Editorial on Jefferson County’s Bankruptcy

Originally published on August 11, 2013 in the Birmingham News.

Since filing for bankruptcy protection in November 2011, Jefferson County has made significant progress on all fronts. Although the County’s $3 billion sewer debt gets most
of the headlines, the County has another $1 billion in general obligation and school construction debt that has been advantageously restructured in the bankruptcy plan.
This has been accomplished by adjusting future payments to match anticipated revenues so that these debts, as well as the Bessemer Courthouse debt, are paid in full.

Sewer rates do receive a lot of media attention though, and rightfully so. In fact, a recent Birmingham News editorial asked who was representing the sewer ratepayers. I
can say without reservation that Commissioners Brown, Stephens, Knight and I are responsibly doing so. Without bankruptcy, the sewer receiver planned to double sewer
rates in a twelve month period with three compounded 25% increases spaced six months apart. Conversely, it is unrealistic to expect that sewer rates will not increase as
Commissioner Bowman publicly advocates.

Recently, the Birmingham News inaccurately reported that “among other major sewer systems in the country, Jefferson County’s sewer rates are second only to Atlanta”. This
just isn’t true. Cincinnati, Charleston and Seattle (among others) are significantly higher. In fact, the County’s sewer rates are not even the second highest in Alabama. For
example, North Shelby County’s sewer rates recently increased to $85.83 a month, more than double Jefferson County’s average residential bill.

Under the County’s proposed bankruptcy plan, the current sewer creditors will receive $1.835 billion for the $3.078 billion in debt they hold, a discount of more than 40%, not
including the elimination of more than $780 million in swap termination fees. This is significantly better than any detailed plan advanced by previous commissioners, their
“experts”, the sewer receiver or state officials. It is also significantly better than the proposed 2011 settlement that collapsed for many reasons, including the limited support
for required legislation and a shortfall of more than $140 million in creditor concessions.

Some have incorrectly concluded that all of the plan’s sewer rate increases are to pay for the new sewer debt. This also isn’t true. In fact, most of the future sewer revenues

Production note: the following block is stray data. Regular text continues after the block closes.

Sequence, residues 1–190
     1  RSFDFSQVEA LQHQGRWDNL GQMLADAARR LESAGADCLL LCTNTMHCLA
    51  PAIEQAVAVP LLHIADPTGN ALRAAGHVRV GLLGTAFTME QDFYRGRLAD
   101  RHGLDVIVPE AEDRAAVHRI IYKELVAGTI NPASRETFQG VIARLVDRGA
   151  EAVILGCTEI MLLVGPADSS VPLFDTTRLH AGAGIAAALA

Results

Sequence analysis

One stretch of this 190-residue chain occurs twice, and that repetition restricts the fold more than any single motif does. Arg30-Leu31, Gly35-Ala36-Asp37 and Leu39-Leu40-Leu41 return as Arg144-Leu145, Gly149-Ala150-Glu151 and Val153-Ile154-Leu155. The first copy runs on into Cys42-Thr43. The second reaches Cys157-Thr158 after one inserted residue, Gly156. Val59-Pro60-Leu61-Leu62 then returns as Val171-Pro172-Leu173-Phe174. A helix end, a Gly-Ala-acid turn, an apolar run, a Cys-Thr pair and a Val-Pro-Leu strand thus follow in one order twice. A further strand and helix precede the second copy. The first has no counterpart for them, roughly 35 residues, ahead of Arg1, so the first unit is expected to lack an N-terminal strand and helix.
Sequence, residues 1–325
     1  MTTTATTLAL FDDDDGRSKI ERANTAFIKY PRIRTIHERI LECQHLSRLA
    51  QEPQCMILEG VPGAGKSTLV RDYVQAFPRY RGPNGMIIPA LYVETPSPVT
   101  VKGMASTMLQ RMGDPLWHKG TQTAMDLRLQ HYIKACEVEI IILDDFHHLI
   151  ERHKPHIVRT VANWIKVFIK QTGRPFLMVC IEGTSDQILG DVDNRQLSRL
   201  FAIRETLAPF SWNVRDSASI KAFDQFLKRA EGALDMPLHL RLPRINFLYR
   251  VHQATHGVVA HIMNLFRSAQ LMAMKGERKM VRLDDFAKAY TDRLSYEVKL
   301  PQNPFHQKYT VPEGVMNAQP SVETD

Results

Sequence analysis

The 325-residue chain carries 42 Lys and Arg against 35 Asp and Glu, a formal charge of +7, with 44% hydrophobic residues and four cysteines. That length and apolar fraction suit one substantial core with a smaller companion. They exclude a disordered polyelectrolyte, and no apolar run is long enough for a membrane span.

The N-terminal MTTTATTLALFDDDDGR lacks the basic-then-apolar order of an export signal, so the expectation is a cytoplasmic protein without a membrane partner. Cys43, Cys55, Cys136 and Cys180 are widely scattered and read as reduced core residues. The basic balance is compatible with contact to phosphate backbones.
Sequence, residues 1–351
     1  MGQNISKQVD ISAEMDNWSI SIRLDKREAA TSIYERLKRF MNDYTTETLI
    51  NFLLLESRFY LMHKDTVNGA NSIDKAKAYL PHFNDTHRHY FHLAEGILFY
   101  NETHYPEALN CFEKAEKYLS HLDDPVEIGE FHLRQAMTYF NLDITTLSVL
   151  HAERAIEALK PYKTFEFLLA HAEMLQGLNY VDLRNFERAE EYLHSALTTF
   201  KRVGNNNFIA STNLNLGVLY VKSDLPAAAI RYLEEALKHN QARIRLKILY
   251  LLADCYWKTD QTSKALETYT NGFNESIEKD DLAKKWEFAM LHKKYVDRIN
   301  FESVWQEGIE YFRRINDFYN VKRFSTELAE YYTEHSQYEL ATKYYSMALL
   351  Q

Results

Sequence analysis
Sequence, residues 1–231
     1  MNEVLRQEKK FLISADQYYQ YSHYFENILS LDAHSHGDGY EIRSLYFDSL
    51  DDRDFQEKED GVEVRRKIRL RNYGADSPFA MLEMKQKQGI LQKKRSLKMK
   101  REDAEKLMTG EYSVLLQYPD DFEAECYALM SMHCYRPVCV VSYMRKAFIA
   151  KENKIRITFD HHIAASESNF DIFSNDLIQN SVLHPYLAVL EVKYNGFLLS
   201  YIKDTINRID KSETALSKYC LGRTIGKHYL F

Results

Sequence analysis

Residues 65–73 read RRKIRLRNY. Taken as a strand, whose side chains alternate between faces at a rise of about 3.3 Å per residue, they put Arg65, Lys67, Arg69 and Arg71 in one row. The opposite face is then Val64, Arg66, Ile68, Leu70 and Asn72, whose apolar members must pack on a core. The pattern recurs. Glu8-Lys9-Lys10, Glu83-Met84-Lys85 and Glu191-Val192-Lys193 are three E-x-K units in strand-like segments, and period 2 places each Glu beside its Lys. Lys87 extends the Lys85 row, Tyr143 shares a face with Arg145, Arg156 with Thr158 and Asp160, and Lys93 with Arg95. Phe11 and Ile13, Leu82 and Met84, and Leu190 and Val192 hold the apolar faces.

will be used to fund operating expenses and capital improvements.

The County’s Plan fully funds the system’s capital needs for the next 10 years, including more than $160 million in required EPA investments. It would not be fair, nor fiscally
prudent, to require current ratepayers to pay today for capital improvements 20, 30 or 40 years into the future. In fact, I’m not aware of any other utility that has embedded
rates that will fully pay for 40 years of capital improvements without additional borrowing. This includes the Birmingham Water Works Board, a bankruptcy plan critic,
which despite dramatically increasing its rates for more than a decade, has only funded approximately 50% of its planned capital improvements through 2018, with no apparent
funding thereafter.

On July 23, the Commission revised the plan’s sewer rate schedule. This revision did not increase the amount the County will pay existing sewer creditors, but does increase
a typical customer’s “base charge” from $10 to $15. This fee is far below the base charge of other utilities, including the Birmingham Water Works, which currently has a
base charge of $19.80. Establishing this base fee allows the Commission to better stabilize revenues when water use declines (as it did this year with the cool, wet
weather) and customers’ bills when water use increases (as it did last year with the hot, dry weather).

One uninformed and uninvolved University of Alabama finance professor has recklessly questioned the County’s proposed financing strategy. It should be noted that this
individual was previously a senior advisor to Birmingham Water Works consultant Porter White. The efficient and effective use of Capital Appreciation Bonds and Convertible
Capital Appreciation Bonds allows the County to lessen its near-term debt service burden and corresponding sewer rate increases, while providing for future debt
repayment with smaller annual increases that will also be used for inflationary increases in operating expenses and future capital investments. In fact, numerous issuers
nationwide, including the University of Alabama’s Board of Trustees, Auburn University, Birmingham, Mobile and Huntsville, have used Capital Appreciation Bonds in their
financing plans.

Many in the media and creditor community have questioned this Commission’s resolve to address the massively complex financial and operational issues facing Jefferson
County. They have been wrong in the past and they will be wrong in the future. The County’s goal is to exit bankruptcy by the end of this year, but many challenges remain,
including the instability of interest rates. In order to accelerate much needed economic development and job creation, Commissioners Brown, Stephens, Knight and I are fully
committed to cleaning up the messes created by our predecessors without unreasonably burdening our citizens.

Originally published on August 11, 2013 in the Birmingham News.